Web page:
AC Odyssey New DLC Betrays Players, Creative Director Apologizes

THIS ARTICLE CONTAINS SPOILERS FOR ASSASSIN’S CREED ODYSSEY,  SHADOW HERITAGE DLC

Right out of the gate I have to say that Assassin’s Creed  probably has influenced my life more than any other video game franchise. That fact, combined with my immense confusion regarding the franchise’s vision and direction of late, has kept me from broaching the subject on Dat Convo thus far as subjectivity and bias are powerful things and I’d like to maintain credibility despite the casual, fun nature we try to embody here at DCD. With all that on the table, I’m finally going to cover something Assassin’s Creed  related because they messed up in a big way last week and you’re here for the news. The first bit of this article will be facts, and then I’ll allow myself some subjective commentary afterword.

“Since the story is choice-driven, we never force players in romantic situations they might not be comfortable with. Players decide if they want to engage with characters romantically. I think this allows everybody to build the relationships they want, which I feel respects everybody’s roleplay style and desires.” That is what Jonathon Dumont, creative director of Assassin's Creed Odyssey, told Entertainment Weekly in October... Last week, Dumont apologized for their Shadow Heritage DLC that forced players into a heterosexual relationship many were not comfortable via a story arc that the player cannot change even if they actively oppose it with their choices...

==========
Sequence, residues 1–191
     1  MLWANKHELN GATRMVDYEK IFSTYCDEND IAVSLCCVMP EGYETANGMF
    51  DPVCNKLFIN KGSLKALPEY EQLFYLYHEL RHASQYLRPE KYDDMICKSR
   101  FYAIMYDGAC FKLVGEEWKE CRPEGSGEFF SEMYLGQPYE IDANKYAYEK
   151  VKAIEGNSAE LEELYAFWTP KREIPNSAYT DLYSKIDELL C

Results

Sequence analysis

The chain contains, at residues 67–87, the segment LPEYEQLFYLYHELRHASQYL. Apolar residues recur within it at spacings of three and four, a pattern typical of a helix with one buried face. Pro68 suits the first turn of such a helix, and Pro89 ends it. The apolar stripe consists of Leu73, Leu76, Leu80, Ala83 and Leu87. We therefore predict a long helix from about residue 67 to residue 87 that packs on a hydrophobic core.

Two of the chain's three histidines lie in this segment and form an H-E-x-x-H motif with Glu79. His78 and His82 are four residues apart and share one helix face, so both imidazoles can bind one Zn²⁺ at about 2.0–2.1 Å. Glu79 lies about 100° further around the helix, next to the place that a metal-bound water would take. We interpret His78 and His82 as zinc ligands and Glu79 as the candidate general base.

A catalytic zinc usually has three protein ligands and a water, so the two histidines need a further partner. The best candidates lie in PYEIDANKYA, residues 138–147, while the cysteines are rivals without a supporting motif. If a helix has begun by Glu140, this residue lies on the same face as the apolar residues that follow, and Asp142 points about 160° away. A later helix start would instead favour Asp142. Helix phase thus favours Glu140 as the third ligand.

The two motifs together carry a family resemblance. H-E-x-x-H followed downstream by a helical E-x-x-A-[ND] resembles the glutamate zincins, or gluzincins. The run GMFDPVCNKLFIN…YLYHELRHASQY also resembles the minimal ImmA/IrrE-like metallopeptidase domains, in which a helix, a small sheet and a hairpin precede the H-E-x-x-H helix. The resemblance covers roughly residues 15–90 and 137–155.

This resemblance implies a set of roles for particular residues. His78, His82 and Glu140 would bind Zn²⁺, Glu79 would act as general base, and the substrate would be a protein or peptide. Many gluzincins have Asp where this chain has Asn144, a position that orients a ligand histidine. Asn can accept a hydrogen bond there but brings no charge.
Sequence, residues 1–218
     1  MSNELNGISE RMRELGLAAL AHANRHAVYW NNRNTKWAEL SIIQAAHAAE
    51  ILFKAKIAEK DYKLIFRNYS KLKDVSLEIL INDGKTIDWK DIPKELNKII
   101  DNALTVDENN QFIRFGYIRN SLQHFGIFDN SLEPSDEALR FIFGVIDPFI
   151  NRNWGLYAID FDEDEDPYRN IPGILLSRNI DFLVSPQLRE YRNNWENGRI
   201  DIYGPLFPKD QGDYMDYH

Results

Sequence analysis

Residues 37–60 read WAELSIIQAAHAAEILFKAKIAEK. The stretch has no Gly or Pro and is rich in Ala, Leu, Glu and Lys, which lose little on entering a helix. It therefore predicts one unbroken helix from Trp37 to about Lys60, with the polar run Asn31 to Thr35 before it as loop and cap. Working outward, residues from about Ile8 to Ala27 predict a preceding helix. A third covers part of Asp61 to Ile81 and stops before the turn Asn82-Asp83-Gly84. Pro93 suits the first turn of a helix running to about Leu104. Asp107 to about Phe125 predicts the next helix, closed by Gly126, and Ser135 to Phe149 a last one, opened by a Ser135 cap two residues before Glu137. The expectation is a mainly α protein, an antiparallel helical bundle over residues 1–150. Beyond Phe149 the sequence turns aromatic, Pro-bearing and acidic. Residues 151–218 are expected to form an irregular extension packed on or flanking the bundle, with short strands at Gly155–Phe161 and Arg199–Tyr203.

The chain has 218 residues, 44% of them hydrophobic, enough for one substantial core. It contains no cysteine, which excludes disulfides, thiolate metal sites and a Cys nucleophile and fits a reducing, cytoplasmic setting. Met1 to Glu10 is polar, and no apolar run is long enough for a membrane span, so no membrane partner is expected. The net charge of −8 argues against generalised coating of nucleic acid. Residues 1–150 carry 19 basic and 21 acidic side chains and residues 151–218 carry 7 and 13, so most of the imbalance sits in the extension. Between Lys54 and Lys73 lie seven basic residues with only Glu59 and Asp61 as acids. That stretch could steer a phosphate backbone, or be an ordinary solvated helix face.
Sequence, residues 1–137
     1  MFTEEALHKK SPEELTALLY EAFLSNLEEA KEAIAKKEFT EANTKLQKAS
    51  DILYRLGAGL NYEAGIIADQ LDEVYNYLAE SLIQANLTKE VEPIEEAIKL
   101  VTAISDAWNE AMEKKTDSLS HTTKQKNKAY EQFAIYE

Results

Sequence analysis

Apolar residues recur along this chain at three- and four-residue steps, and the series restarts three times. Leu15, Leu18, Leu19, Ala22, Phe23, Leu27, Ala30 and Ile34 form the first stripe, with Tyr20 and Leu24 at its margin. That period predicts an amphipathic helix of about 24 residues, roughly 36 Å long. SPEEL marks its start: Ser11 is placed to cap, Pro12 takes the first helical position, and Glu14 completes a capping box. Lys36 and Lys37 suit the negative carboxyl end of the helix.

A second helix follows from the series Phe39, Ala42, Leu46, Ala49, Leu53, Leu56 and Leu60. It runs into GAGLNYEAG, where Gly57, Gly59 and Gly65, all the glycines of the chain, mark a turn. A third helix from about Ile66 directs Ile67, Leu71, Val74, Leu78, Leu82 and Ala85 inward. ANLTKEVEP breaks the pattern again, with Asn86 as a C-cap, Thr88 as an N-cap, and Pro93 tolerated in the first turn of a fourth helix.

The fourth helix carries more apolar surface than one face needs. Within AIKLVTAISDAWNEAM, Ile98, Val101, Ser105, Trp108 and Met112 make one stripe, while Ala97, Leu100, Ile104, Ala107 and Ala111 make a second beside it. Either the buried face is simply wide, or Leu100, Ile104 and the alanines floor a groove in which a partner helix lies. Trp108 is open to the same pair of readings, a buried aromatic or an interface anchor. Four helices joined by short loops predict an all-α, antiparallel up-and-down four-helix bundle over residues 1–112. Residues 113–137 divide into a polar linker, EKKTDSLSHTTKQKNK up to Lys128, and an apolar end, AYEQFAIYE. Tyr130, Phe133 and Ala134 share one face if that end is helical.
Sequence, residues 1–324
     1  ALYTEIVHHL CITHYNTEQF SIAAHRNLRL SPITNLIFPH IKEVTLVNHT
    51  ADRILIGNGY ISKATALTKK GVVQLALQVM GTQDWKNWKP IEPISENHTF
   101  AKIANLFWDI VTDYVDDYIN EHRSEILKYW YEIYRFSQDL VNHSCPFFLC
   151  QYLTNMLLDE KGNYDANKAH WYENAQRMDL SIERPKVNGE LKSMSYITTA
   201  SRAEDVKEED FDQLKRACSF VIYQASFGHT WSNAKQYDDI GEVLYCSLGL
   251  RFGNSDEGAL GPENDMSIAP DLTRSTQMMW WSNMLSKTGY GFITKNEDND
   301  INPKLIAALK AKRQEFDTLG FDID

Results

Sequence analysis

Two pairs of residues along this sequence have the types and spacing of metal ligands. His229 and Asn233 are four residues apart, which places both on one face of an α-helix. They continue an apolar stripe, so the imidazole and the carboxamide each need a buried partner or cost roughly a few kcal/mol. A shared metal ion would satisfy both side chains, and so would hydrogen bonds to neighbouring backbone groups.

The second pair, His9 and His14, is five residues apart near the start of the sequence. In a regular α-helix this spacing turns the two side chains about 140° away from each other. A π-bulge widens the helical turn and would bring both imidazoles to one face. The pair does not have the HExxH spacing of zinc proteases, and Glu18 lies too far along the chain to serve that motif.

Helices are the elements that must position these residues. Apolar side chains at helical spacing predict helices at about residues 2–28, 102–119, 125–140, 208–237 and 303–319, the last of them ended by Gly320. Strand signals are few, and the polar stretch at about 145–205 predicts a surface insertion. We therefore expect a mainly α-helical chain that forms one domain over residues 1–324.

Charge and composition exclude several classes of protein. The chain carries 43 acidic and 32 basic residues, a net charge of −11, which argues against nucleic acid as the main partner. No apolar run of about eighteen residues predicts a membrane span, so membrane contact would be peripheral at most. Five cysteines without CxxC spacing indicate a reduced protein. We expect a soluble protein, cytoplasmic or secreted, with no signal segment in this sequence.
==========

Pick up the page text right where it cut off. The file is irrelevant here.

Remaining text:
Throughout the narrative of Shadow Heritage, the player’s story is intertwined with the legendary pre-Assassin assassin Darius and his child, whose gender is dependent on the player's character. The child of Darius is a woman if you play as Alexios and a man if you play as Kassandra. A friendship is built throughout the narrative and there’s obvious romantic subtext from the NPC, but the player chooses how they handle it throughout the game. At the end of the DLC, the player can choose to call out for the person to stay, say goodbye, or say nothing at all as they leave on a ship— and that choice turns out to hold no value or weight. Regardless of what the player chooses, they are reunited with Darius and his offspring after some time has passed, and the player's character has a child with the latter. You get one or two dialogue options that don't change anything but are there for justifying why your character has suddenly made life altering, possibly completely out of character decisions, and that's the game. Ah, and you get the achievement or trophy “Growing Up” for starting a family...

 

Many players were unhappy with this outcome and Ubisoft’s first response to the issue was in the form of a comment to Kotaku

“We strive to give players choice whenever possible in Odyssey  and apologize to those surprised by the events in this episode,” the statement said. “Without spoiling it, you will engage in an important relationship as part of a set story. The motivation behind this relationship is yours to explore in game and will be reflected in your character’s story arc. There is one episode left in Legacy of the First Blade which will tie your character’s actions together.”

 

This response was followed shortly thereafter in the Ubisoft Forums by Dumont:

“Reading through player responses of our new DLC for Legacy of the First Blade, Shadow Heritage, we want to extend an apology to players disappointed by a relationship your character partakes in. The intention of this story was to explain how your character’s bloodline has a lasting impact on the Assassins, but looking through your responses it is clear that we missed the mark.”